EDRI (European Digital Rights) – an association of civil and human rights organisations from across Europe who monitor data retention, copyright, crybercrime and net neutrality issues – says MEPs should however fix certain areas related to the role of ISPs and their responsibility when dealing with illegal content, companies’ involvement in counter-terrorist narratives, and the EU Passenger Name Records (PNR) Directive.

Currently, hosting providers must act expeditiously to delete or disable access to illegal content online. However, the current Draft Resolution asks for companies to be held criminally liable if they fail to act, even if only in response to an “administrative request” and not a court order.

EDRI says that there is no evidence to suggest that there are companies active in Europe whose failure to act to address illegal terrorist content could be considered a criminal act in its own right. “The criminalisation of internet companies to address a problem that does not exist brings no benefits, but supporting this measure, even in principle, sets a terrible international precedent.”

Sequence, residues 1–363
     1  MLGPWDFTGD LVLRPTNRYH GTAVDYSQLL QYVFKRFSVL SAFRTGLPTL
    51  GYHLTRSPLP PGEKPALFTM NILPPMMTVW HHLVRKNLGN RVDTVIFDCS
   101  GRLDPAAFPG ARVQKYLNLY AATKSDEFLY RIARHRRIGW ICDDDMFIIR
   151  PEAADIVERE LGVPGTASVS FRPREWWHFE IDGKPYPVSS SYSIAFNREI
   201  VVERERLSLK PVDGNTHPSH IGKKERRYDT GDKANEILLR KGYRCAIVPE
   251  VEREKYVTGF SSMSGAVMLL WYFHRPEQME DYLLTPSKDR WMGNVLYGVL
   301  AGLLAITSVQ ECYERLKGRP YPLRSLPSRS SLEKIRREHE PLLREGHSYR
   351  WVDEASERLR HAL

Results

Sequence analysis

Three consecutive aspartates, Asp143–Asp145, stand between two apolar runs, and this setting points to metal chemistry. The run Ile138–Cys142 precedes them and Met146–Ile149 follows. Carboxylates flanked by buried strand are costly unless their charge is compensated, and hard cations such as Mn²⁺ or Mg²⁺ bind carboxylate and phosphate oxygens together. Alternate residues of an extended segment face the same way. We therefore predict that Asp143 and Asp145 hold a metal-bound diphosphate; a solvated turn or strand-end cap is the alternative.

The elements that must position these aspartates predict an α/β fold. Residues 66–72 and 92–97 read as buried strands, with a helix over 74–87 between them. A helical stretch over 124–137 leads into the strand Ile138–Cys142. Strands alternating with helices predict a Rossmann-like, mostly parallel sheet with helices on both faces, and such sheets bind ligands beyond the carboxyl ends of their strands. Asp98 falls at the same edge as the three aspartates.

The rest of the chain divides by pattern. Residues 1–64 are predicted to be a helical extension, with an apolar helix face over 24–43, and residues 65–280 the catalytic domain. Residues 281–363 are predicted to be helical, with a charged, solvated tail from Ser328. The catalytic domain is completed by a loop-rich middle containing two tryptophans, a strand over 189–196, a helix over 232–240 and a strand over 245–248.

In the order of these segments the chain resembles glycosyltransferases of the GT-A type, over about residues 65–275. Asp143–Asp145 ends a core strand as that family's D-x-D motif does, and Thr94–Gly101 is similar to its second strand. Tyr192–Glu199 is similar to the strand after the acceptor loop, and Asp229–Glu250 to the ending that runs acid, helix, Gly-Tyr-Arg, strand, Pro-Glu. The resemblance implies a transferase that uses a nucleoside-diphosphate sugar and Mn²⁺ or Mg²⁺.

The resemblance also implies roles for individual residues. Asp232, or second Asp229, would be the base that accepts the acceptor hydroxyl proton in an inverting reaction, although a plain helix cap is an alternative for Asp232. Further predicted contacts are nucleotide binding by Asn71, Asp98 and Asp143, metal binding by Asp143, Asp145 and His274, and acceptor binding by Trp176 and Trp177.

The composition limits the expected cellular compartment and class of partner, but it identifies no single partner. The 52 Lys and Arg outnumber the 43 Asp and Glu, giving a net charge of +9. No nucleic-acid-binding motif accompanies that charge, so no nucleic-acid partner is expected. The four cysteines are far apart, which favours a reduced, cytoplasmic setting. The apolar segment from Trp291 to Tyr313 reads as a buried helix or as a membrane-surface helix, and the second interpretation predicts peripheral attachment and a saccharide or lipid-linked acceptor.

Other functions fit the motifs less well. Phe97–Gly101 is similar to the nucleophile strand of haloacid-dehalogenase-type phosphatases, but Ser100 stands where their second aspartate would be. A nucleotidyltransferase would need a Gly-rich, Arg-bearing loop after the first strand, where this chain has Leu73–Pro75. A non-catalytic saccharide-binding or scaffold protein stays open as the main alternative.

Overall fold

EDRI also says it is dangerous that the draft resolution calls on member states to manipulate online speech as a mechanism for preventing radicalisation and hate speech. “This risks being counterproductive, contrary to democracy, and its values and has worrying echoes of state-sponsored ‘troll armies’ in jurisdictions with weak democratic values,” EDRI said.

 But the success of the Dati resolution, as EDRI suggests, “will be sending a clear and legally tenable message: Europe will remain united and will not renounce democracy or citizens’ fundamental rights and freedoms.”

A crucial ‘battleground’ in European security